T time …..Another way that influences of T cells inhibit MS?..or is it T blinker time?

T

CD40 is a costimulatory protein (needed for activation of cells in addition to signalling via the antigen receptor) found on antigen-presenting cells including B cells, macrophages and dendritic cells. EBV induces B cell activation as it produces molecules that mimics the activation of B cell receptor (meaning that the B cell doesnt need to see its target for activation) and mimics the activation of CD40.

CD40 is activated by binding of CD154 (CD40L). The CD40 ligand (CD40 binding molecule) is expressed by activated (typically CD4) T celsl so it is a way that T cells can stimulate B cells or macrophages/dendritic cells. So if you block CD40L you can block B cell activation and effects on antigen presenting cells. It also blocks other targets that bind to molecules produced in inflammed blood vessels. So by blocking this you block B cell maturation and germial centre formation, which is the place where antibody producing cells are formed. So a depleting CD40L antibody would kill T cells (T-time), a blocking CD40L would block B cell function (B time). Academia will be depleting T cells, but which way have pharma actually gone?

Safety and Immune Effects of Blocking CD40 Ligand in Multiple Sclerosis.Fadul CE, Mao-Draayer Y, Ryan KA, Noelle RJ, Wishart HA, Channon JY, Kasper IR, Oliver B, Mielcarz DW, Kasper LH.Neurol Neuroimmunol Neuroinflamm. 2021 Oct 15;8(6):e1096. doi: 10.1212/NXI.0000000000001096.

Background and objectives: Costimulation by CD40 and its ligand CD40L (CD154) is important for the functional differentiation of T cells. Preclinical studies have recognized the importance of this costimulatory interaction in the pathogenesis of experimental models of multiple sclerosis (MS). To determine safety, pharmacokinetics, and immune effect of a humanized monoclonal antibody (mAb) against CD40 ligand (toralizumab/IDEC-131) in patients with relapsing-remitting MS (RRMS).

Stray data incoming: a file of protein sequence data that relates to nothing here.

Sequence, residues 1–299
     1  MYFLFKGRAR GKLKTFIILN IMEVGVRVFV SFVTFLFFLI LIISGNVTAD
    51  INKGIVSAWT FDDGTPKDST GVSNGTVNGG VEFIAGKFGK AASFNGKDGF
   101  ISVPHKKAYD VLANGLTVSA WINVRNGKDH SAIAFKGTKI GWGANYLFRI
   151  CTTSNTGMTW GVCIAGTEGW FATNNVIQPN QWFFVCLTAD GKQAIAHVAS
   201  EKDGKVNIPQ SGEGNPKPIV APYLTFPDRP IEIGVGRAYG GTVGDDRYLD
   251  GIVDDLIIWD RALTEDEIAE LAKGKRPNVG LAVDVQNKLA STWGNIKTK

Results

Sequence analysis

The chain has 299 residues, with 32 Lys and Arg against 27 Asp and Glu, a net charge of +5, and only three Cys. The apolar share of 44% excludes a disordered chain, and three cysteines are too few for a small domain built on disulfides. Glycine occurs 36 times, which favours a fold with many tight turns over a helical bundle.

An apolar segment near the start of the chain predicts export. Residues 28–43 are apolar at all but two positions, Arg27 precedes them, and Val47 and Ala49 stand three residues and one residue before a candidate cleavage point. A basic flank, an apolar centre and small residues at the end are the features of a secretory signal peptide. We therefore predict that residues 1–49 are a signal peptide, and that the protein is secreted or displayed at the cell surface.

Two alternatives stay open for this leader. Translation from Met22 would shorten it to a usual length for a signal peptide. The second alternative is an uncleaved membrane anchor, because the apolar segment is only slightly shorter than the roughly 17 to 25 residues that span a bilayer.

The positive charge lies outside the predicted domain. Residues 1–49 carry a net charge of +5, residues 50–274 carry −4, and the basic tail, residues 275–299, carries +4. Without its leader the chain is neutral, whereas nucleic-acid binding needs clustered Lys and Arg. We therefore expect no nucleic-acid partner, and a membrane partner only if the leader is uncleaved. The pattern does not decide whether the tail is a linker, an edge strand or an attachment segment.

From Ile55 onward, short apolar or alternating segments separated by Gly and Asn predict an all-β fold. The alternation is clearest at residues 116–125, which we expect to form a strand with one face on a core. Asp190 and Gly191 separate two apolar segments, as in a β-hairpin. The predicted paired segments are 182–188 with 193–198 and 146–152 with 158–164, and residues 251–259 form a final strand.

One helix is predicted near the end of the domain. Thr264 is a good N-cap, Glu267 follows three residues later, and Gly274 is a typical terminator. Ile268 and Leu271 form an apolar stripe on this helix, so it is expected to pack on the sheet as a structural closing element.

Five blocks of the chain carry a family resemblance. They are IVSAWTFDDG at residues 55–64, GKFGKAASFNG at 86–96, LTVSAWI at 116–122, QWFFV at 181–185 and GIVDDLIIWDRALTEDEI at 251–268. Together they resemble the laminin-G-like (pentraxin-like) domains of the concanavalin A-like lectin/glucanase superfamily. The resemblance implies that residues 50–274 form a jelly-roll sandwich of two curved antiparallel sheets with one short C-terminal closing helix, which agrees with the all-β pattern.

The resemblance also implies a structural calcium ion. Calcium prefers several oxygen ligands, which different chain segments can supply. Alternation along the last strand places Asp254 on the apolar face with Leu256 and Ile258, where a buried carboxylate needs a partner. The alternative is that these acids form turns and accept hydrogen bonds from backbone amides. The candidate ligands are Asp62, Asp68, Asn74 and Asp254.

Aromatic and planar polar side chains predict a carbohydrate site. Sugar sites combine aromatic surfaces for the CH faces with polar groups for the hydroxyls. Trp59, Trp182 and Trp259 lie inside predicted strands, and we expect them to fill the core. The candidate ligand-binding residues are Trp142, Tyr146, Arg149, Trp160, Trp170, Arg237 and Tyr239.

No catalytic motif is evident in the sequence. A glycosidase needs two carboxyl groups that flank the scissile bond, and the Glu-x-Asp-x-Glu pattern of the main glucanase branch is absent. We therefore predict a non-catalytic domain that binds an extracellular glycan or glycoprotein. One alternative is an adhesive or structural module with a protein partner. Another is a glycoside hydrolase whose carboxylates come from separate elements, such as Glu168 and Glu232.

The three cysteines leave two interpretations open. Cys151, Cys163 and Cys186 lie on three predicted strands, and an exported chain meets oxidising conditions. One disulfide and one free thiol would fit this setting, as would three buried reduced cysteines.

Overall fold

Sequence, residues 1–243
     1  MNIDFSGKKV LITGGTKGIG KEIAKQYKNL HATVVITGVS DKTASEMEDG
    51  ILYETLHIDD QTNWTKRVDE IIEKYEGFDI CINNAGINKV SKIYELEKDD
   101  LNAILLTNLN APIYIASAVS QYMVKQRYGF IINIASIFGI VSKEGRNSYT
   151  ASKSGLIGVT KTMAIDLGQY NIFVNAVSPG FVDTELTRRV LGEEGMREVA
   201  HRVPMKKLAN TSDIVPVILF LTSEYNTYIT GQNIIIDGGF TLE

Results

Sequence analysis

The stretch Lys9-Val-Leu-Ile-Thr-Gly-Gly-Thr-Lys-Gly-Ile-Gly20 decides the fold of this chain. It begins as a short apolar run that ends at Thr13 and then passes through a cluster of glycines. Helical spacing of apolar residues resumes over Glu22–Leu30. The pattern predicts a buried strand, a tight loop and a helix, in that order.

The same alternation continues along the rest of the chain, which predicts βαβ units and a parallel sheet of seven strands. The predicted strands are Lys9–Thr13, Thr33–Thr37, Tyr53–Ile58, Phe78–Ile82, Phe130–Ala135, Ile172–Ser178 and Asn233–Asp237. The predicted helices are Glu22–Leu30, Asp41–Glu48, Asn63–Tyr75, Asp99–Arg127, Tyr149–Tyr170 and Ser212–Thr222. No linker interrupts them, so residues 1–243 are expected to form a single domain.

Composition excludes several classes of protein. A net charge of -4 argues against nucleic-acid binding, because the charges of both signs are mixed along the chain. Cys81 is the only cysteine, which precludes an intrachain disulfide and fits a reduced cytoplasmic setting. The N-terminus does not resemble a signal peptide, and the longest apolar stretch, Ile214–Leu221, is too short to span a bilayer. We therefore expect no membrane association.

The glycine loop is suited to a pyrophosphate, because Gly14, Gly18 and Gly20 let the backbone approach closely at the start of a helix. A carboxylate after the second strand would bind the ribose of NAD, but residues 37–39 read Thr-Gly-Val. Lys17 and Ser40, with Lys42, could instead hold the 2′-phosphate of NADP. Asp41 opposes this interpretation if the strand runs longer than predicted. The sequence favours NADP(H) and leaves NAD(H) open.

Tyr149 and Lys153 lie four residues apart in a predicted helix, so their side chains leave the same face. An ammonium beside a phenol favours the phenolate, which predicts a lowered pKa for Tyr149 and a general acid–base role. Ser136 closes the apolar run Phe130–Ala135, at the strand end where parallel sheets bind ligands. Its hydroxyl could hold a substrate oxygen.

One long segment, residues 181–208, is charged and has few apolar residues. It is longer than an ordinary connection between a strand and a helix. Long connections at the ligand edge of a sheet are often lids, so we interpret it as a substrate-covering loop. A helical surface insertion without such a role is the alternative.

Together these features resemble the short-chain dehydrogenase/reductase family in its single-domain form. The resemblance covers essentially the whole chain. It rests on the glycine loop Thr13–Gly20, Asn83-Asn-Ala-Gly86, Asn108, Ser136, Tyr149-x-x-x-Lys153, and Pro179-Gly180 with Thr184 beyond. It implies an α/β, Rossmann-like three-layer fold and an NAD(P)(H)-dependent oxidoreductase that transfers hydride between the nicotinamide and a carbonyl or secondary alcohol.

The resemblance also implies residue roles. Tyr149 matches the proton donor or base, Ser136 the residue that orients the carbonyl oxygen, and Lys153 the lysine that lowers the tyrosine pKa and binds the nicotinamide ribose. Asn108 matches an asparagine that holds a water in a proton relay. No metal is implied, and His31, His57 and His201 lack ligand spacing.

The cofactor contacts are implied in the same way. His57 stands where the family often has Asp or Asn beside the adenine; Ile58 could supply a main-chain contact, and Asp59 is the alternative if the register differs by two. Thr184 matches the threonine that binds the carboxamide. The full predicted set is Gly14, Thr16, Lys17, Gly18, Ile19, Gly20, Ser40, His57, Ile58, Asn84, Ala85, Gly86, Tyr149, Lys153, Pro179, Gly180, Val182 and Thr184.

Methods: This single-institution open-label dose-escalation study (phase I) enrolled 12 patients with RRMS to receive 4 doses of 1, 5, 10, or 15 mg/kg of humanized αCD40L (toralizumab) IV infusion every other week. Patients were followed up to 18 weeks, annually, and finally at 5 years. In addition to safety and pharmacokinetics, other secondary and exploratory measurements are immune effects, clinical, MRI, laboratory, and neuropsychological evaluations.

Results: Fifteen adverse events, all of mild to moderate severity, were considered to be of possible or of unknown relationship to treatment. No serious adverse events, including thromboembolic events, occurred during the 18-week defined study period. Annual and long-term follow-up at 5 years revealed no delayed toxicity. Pharmacokinetics were nonlinear between the 5 and 10 mg/kg dose groups. The serum half-life of toralizumab was consistent between the dose groups with a mean of 15.3 days (SD = 1.9). Flow cytometry revealed no depletion of lymphocyte subsets. An increase in the CD25+/CD3+ and CD25+/CD4+ ratio and a shift toward an anti-inflammatory cytokine response were seen after treatment.